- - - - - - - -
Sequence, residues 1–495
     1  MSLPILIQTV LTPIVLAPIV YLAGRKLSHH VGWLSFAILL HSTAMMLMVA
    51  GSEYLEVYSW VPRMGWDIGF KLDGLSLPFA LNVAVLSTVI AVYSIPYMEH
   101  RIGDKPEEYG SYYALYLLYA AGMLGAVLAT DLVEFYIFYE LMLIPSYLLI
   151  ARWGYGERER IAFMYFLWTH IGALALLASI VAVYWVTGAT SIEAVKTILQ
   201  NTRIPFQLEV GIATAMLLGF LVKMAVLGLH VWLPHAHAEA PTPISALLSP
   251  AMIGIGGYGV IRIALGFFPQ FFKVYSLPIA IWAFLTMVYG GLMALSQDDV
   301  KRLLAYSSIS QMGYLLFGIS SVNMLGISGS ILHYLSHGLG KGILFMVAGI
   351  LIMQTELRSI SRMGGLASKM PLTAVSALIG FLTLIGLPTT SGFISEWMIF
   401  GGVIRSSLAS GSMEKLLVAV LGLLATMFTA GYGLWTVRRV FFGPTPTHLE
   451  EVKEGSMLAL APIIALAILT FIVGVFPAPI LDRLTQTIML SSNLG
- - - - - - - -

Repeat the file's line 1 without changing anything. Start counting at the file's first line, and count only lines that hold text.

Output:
Sequence, residues 1–495